When such bowing or flexing of one or more of these spanning members occurs, wall board or dry wall board secured to the underside of the spanning member deforms. For example and without limitation, a portion of a ceiling of an interior room, is typically lifted upwardly. When this occurs, the tape at the joints of upper side walls is pulled outwardly of the joint as the ceiling wall board or dry wall is lifted upwardly, thus causing significant damage to the finish of the comers of the interior rooms of the dwelling and further causing an unsightly and unfinished appearance. Often, the cost of repairing ceiling and wall joints where the dry wall or wall board has been "lifted up" by this "bowing" or "flexing" of the truss can amount to several hundred dollars or more to retape and patch properly.
There is therefore a need to provide a truss bracket for fixedly securing a spanning member to a plate member, which overcomes some or all of the difficulties and drawbacks associated with the previously delineated prior methods; which is relatively inexpensive to manufacture; which is relatively strong and relatively durable; which is resistant to bending and flexing; which can be installed relatively quickly and relatively easily; and which can be installed in locations having limited space and/or vertical clearance.
It is therefore a primary object of this invention to provide a truss bracket which is adapted to be secured to a plate member of an interior wall and to be selectively and fixedly secured over at least a portion of a spanning member of a truss to thereby hold the spanning member fixedly against the plate member, thus substantially preventing bowing or flexing of the spanning member of the truss.
It is another object of this invention to provide a truss bracket which is relatively compact, light in weight, and adapted to selectively fit over "two-by-four studs" or "two-by-six studs".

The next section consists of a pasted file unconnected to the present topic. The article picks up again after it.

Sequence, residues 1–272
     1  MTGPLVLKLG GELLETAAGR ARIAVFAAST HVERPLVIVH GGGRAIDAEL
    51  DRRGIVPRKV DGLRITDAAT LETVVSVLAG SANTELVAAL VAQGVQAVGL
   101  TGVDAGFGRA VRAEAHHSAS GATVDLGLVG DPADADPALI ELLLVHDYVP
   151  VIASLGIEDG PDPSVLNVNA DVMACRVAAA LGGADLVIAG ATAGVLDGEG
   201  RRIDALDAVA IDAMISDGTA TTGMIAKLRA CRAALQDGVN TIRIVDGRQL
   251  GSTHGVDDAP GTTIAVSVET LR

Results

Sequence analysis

It is another object of this invention to provide a truss bracket which may be manufactured relatively inexpensively from widely commercially available materials, and which is further highly resistant to flexing and corrosion.
It is yet another object of this invention to provide a truss bracket which can be easily and quickly secured by skilled workmen, such as carpenters, during the assembly of dwellings such as residential houses and/or commercial buildings, even in areas having a limited amount of space and/or vertical clearance.
The previously delineated objects are achieved by a truss bracket made in accordance with the teachings of the preferred embodiments of the present invention. According to one aspect of the present invention, the truss bracket generally comprises a base portion, an inside upright portion extending perpendicularly of the base portion, a top portion extending perpendicularly of the inside upright portion, and an outer lip portion extending perpendicularly of the top portion. The base portion is adapted to be secured, such as by lag bolts, to a plate member or an interior wall of the dwelling. The inside upright portion, top portion and outer lip portion of the bracket are adapted to and cooperate to form a spanning member reception channel which is adapted to receive a portion of a spanning member of a truss, which typically represents a "two-by-four stud" or a "two-by-six stud". Accordingly, the inside upright portion of the truss bracket may have a length of about 3.5" to about 5.5" depending upon whether a "two-by-four stud" or a "two-by-six stud" is used to construct the truss. The top portion further has a length of about 15/8" to accommodate either a "two-by-four stud" or a "two-by-six stud". The outer lip portion further includes one or more "L"-shaped spike portions which are selectively movable from a first unsecured position to a second secured position in which the "L" shaped spikes partially penetrate the spanning member. When the truss bracket is secured to the plate member of an interior wall, and over a portion of the spanning member of the truss, the truss bracket operates to fixedly secure the spanning member to the plate member, to thereby prevent or reduce the amount of bowing or flexing of the spanning member.